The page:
The process behind auditor judgement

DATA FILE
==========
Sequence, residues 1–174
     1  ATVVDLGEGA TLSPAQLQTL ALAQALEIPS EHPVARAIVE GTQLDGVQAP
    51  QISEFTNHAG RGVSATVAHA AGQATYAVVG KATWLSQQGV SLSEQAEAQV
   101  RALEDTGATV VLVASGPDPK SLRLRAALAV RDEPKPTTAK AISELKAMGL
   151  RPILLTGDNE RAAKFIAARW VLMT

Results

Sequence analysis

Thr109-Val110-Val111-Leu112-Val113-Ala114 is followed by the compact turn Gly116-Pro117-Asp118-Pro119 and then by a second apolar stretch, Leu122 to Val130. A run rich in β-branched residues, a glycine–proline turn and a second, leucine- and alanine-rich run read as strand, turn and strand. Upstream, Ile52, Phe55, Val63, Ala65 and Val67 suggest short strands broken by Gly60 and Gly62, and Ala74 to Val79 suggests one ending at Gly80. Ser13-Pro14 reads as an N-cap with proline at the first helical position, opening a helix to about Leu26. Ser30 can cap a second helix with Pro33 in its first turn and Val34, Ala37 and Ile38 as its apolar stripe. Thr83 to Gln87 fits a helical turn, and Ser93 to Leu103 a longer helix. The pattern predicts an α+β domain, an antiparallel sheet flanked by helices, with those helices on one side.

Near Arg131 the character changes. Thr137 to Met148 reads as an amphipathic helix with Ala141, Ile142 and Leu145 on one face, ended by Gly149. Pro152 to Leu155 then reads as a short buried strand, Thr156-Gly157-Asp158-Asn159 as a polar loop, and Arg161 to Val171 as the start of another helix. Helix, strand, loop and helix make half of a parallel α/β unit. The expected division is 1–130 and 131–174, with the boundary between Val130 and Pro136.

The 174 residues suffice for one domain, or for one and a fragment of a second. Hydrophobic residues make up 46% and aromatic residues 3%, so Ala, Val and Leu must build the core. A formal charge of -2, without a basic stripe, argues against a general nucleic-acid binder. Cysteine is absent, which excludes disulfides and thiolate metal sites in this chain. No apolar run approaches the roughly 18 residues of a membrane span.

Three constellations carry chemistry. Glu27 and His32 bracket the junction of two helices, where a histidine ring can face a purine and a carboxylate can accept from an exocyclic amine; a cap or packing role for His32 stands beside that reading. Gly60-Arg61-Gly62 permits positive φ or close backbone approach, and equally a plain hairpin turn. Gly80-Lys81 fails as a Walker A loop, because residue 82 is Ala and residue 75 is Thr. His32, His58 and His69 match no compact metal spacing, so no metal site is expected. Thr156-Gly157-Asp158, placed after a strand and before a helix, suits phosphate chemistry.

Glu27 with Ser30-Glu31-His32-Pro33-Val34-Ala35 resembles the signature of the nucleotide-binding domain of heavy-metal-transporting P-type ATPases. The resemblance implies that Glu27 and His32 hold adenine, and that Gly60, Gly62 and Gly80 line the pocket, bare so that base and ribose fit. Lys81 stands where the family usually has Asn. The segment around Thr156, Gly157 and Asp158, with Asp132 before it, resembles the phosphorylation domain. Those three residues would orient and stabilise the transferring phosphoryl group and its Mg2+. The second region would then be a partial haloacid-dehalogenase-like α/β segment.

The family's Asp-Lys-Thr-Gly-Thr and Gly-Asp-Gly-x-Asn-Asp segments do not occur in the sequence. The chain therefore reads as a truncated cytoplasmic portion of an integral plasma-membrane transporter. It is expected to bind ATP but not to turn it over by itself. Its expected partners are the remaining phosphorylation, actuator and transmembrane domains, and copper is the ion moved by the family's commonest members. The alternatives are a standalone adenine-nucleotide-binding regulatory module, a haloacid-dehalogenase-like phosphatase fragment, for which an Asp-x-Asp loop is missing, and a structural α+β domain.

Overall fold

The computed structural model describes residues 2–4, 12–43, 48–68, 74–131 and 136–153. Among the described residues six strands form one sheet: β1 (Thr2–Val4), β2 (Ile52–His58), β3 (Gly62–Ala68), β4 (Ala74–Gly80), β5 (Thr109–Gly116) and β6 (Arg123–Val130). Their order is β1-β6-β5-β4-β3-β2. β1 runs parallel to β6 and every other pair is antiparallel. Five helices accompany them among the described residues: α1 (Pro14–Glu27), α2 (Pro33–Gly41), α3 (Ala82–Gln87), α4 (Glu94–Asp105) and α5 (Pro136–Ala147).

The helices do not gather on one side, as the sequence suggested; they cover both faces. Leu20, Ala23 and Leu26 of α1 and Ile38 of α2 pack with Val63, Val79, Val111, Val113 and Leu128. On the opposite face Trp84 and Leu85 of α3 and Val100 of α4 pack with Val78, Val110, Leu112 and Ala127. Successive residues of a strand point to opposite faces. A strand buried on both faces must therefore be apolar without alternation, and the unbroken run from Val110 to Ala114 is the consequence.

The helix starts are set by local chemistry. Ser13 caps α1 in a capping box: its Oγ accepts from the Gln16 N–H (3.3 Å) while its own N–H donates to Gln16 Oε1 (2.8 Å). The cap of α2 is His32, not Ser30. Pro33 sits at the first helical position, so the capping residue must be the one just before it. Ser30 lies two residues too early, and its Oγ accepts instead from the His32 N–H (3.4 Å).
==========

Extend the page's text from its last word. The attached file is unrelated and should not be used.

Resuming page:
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Auditors are required to use considerable judgment in their job, assessing information from a number of sources to create financial reports, critique accounting estimates, and assess a company’s internal controls over financial reporting. But an auditor’s decision-making process is not well understood. In their paper, Kathryn Kadous, professor of accounting, and coauthors Emily E. Griffith (U Wisconsin) and Donald Young 13PhD (Goizueta, Indiana U) provide a framework for researchers to better evaluate the judgment of auditors and, in turn, improve audit quality. Prior research in this area presumes that “decision makers typically engage deliberate, analytical processes to solve problems (i.e., pursue goals) that they have specifically chosen, that they limit their decision inputs to items they view as relevant, and that they have access to the details of their own cognitive processing.” The trio notes that “nonconscious goals” and “intuitive processes” are also influential in the decision-making process and in the factors driving these processes. Kadous, Griffith, and Young conclude that their framework indicates researchers approach their investigation by taking into account “conscious and nonconscious goals” and “decision makers with conflicting incentives, as well as differing capabilities.”